Mon, 28 May 2018
~The Simple Sophisticate, episode #210
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“It is always the simple that produces the marvelous.” – Amelia Barr
You react in anger when a moment of frustration arises only to have to take more time (once you realize you shouldn't have reacted in such a way) to apologize and rebuild a relationship. The best decision, the simple decision, would have been to say nothing at all in the moment, step away from the situation, and decide what, if any, response was necessary. In a hurry to clear your inbox, you scan through emails too quickly, miss important details and end up having to respond twice or three times to correct the initial response. In an attempt to create a relationship, you cling or hang on to someone who doesn't fully welcome you into their lives. The simple truth regarding relationships is if people want you in their lives, they will make room for you and not create guessing games, just as you have opened your life to them. There are many ways we can complicate our lives when it is absolutely unnecessary to do so. While we often hear that we must struggle in order to reach the goals we desire, while there is much truth to the duration, there are many details along the way that do not have to be complicated. In fact, to complicate them, discourages our journey toward success. I was reminded that even those who value simplicity in order to elevate our lives (me!) can make the mistake of creating complication where they need not be. Over the past month I have been putting off a task that I knew in my good conscience needed to be tended to do. The delaying only built up more stress and fear that would have been assuaged or negated had I simply took action, discovered what the solution was and put my energy toward reaching the solution rather than putting my energy toward stressing out about the unknown. Often we complicate because we don't want one more thing to fill our plate. Ironically, we are putting more than one more thing on our plate; we are at least putting two: the task that needs to be tended to and the worry that we expend wondering. In other words, we accrue interest, and in this case, not the good kind. Today I'd like to take a look at 1o simple ways we unnecessarily complicate lives with the goal of avoiding these mistakes. Because once we recognize our mistake, we can simply correct our course.
1. Small, regular steps, to reach great success
When we see our goal at the end of the long journey, there is a natural assumption that a grand step must be made. And while, yes, the distance is long, the journey is simple. So long as you are clear about what needs to be done and break it down into mini tasks, then all you have to do is the daily tasks each day on a regular basis. Whether it comes to improving your health, saving for your dream trip or earning the degree, be clear about your plan and then let go of the longview and trust that your daily habits will carry you to where you wish to arrive.
2. Contentment is in our control
"It's only when you add the infinite battles of yesterday and tomorrow that life gets overly complicatd."—Getting Back to Happy, Marc & Angel Chernoff
Much of the world would have us believe that contentment lies outside of us. Described as happiness, in a semantic sense, I would agree - happiness does lie outside of us, but contentment is entirely within our control. And it is through understanding how to cultivate contentment that we are more available to appreciate moments of happiness. But because we focus on what is outside of us - what must happen that involves others, what they should do, who should be in our lives, etc. we give our power away. Simply, our power for contentment, everything we need, is in our control because it is a matter of the mind. Ahd when our mindset is in order, we become at peace with ourselves and more engaging and charismatic with the world, drawing to us what we most love and appreciate.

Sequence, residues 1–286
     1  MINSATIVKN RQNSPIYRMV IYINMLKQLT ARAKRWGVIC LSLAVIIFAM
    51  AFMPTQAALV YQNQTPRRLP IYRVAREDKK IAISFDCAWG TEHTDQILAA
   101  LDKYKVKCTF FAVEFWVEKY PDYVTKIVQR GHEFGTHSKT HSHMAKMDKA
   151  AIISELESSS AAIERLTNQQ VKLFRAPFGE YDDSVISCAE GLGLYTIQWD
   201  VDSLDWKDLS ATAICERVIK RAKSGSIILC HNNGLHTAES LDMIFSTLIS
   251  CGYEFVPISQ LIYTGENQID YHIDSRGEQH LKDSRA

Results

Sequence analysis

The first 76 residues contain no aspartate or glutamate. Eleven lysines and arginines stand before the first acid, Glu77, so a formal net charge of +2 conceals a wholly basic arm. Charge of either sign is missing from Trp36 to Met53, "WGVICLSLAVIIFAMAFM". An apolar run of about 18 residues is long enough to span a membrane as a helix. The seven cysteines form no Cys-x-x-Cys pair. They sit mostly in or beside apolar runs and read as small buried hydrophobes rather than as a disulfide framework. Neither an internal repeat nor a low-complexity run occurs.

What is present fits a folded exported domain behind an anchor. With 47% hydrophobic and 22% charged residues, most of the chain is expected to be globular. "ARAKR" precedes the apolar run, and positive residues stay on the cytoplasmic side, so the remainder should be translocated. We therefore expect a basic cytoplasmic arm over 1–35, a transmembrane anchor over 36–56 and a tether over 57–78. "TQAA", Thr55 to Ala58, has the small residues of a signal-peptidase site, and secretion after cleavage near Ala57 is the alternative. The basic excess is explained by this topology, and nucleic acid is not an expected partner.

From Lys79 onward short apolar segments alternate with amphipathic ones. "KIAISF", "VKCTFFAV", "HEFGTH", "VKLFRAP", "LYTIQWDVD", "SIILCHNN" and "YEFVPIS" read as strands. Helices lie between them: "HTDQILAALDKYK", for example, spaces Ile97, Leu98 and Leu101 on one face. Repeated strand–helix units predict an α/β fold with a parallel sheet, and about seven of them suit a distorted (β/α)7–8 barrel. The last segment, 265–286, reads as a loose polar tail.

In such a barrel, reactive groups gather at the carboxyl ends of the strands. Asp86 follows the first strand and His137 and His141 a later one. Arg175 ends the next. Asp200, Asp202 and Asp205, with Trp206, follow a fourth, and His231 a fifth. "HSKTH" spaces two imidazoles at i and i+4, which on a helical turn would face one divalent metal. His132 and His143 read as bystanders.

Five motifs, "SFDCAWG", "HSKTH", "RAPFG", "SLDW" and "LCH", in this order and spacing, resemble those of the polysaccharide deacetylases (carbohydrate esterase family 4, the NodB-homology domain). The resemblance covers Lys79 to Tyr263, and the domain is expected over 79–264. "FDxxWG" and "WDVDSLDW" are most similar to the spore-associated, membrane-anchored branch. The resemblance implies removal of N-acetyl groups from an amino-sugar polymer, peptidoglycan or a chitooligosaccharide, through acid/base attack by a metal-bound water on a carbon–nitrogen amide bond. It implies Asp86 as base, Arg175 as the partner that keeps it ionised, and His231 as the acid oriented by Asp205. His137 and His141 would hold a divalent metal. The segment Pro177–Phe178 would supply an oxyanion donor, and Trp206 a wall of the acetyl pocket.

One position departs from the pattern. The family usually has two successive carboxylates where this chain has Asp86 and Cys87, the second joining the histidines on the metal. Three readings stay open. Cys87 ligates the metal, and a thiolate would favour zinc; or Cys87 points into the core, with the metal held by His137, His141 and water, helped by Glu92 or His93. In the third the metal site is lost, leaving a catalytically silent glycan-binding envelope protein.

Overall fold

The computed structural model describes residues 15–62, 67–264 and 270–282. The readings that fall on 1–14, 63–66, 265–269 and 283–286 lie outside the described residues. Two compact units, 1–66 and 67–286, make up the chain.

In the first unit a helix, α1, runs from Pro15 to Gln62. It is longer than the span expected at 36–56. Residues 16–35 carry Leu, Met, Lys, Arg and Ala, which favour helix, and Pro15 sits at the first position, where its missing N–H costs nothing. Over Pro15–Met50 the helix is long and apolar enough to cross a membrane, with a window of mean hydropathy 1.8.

3. Sleep Well, Live Well
When I think about going to bed each night, I smile. I smile because my bed is soft, comfortable, and a true luxury to slip into after each day. Sleep is good. In fact, sleep is vital to living well. From how well our brain functions, to improving our health as the toxins are flushed from our bodies, to improving our mood, sleep even supercedes exercise. So protect your 7-8 hours of sleep each night and see the quality of your days improve.
4. When we complain, we aren't problem solving
It is easy to complain and it is very tempting. And while we do need to vent because often we don't know what we are truly upset about until we release the frustration either verbally or on paper, complaining is a waste of energy as it takes away the precious time and brain power that is needed to either solve the problem or move on to something that better uses our time.
5. Learn to say no - focus your attention
For nearly ten years, my focus has been my passion that is shared every week here on this blog. I continue to follow my intuition, trust that it knows what I cannot see at that moment and keep striving forward to inspire readers to have the confidence to reach their full potential, to shed the limiting views and societal confinements that would hold us back when what the world needs is what we each can uniquely give if only we could unearth it and share it with the world. In so doing my life has taken on its own construct: my daily and weekend schedules are full but much enjoyed, the sights of the world I have had the opportunity to see fill me with inspiration and I continue to arrive closer at understanding how living well, the art of living well, actually works. Because I know precisely why I am continuing to pursue my goal, saying no is quite simple. Whatever you are passionate about, whatever you discover gives you purpose, a deep, driving purpose, once you hone in on it, saying no is simple and the complications that arise from saying "yes" much more than necessary lifts.